Although the title means virtually nothing to American readers not being familiar with English legal terminology, it is still the perfect title. (It means, God on Trial)
If you like C.S. Lewis, or if you have never read him and have an interest in serious philosophical thinking regarding life and meaning and religious and legal issues this book has something for you. An anthology of never printed, or obscure, articles, speeches, letters, and essays ranging from about 5 minutes to perhaps half an hour each, these pieces are a great introduction to critical thought regarding God, criminal justice, existence, miracles, social issues, etc. It is amazing how little has changed in 50+ years since the last of these were presented... but then mankind is always mankind.
If you were thinking about his book Miracles, but had trouble getting through it, two chapters in this give you the simplest summary of much of that book.
I have listened to this book a number of times and will continue to listen to parts of it on occasion as it is timeless and unparalleled in its clarity of thought and expression. I especially like Lewis' assertion that if you cannot explain a theological concept without using theological terms then you probably don't understand the concept. He is a master at presenting complex concepts in simple terms understandable by the masses, hence his being asked to speak to labor organizations and commoners meetings where he was as well received as at the Oxford Society which he led.
I found the book very interesting--and sobering--until the author turned to the financial where he might have expertise on dates but doesn't seem to understand various investments. Repeatedly he refers to a precipitous drop in the stock market as erasing debt. Stock prices and debt have no correlation whatever. Stock is not debt; it is equity or ownership. If anything, the crash of the market increased debt as it washed away many investors net worth and the collateral for many loans.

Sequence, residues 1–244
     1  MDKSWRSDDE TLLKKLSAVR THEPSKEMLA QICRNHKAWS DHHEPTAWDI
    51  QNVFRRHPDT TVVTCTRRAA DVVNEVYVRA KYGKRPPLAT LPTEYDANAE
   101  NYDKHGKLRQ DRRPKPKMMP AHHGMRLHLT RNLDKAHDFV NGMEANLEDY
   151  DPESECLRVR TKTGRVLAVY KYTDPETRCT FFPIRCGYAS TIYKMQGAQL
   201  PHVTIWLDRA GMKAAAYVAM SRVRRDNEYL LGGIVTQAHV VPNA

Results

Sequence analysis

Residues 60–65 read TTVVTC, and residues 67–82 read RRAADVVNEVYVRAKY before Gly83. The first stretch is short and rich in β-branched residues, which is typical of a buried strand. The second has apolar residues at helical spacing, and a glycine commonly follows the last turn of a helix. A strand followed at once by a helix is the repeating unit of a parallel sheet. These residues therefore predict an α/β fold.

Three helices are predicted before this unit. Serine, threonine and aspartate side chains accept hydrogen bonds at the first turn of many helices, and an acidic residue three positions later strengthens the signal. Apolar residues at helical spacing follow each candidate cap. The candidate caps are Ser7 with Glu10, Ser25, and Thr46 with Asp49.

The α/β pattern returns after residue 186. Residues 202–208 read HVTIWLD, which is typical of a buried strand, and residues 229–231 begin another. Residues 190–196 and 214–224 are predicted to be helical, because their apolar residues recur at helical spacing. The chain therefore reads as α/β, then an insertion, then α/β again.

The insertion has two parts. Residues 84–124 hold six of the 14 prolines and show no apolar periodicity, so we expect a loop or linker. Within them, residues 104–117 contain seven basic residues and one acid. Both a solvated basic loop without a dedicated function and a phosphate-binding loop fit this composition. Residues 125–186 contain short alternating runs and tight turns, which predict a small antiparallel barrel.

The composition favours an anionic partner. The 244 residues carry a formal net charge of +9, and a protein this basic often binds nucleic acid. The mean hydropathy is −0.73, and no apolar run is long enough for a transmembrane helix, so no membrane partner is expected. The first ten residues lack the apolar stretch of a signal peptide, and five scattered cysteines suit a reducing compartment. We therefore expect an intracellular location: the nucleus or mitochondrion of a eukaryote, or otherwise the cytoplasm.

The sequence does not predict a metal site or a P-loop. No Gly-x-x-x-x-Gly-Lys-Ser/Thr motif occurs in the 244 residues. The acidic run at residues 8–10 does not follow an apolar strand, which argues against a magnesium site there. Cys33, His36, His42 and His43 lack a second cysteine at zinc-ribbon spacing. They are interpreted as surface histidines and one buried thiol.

Besides the writing being a bit juvenile and the reading mechanical, completely ignoring transitions and gear changes, I was disappointed with Johnstone's treatment of a subject that intrigues me. As I personally believe that TEOTWAWKI (The End Of The World As We Know It) is something for which we should be prepared, and realizing most in our society wouldn't begin to be capable of survival under such circumstances, I do believe chaos and violence could engulf us very quickly. And I do believe that cells would survive and emerge, that leaders would emerge, and that most of today's politicians would be absolutely worthless in such an eventuality.
However, Johnstone's arrogance and conclusions about who and how people would survive do not necessarily follow and his attitudes toward fixing things are actually pretty poorly conceived. While I am in total agreement with him that those who do not produce should not eat and that we have created the monster which is destroying us as a nation (and as a world) some of his heroes are almost comical in their stupidity.
One point he made, though not developed, was that we are approaching a breaking point in America (and as goes America, so goes much of the world) and that had his fictional world-ending-war not occurred there was an imminent revolution approaching that would have torn our nation apart. That is present reality as an increasing number in America are realizing they must make a decision soon whether they will live as free men or become serfs functioning only as oxen to drive the progressive political machine. (of both major parties)
Johnstone actually comes off like an ignorant southern redneck to me and I am as conservative as they come, a strict Constitutionalist favoring a Republic as intended, and a survivalist.
This book is not intended for those who want easy, light hearted, non-demanding reading or listening. It requires you to engage fully and intelligently, to pause, contemplate and study. But in the end it is one of the finest analysis of the differences between the worldview which embraces nature as the totality of existence, naturalism, and one which perceives and grasps a worldview with a force beyond nature, labeled by Lewis as super-naturalism.
His arguments are compelling as they stem from an intellectual depth of critical reasoning at which most of us can only marvel.
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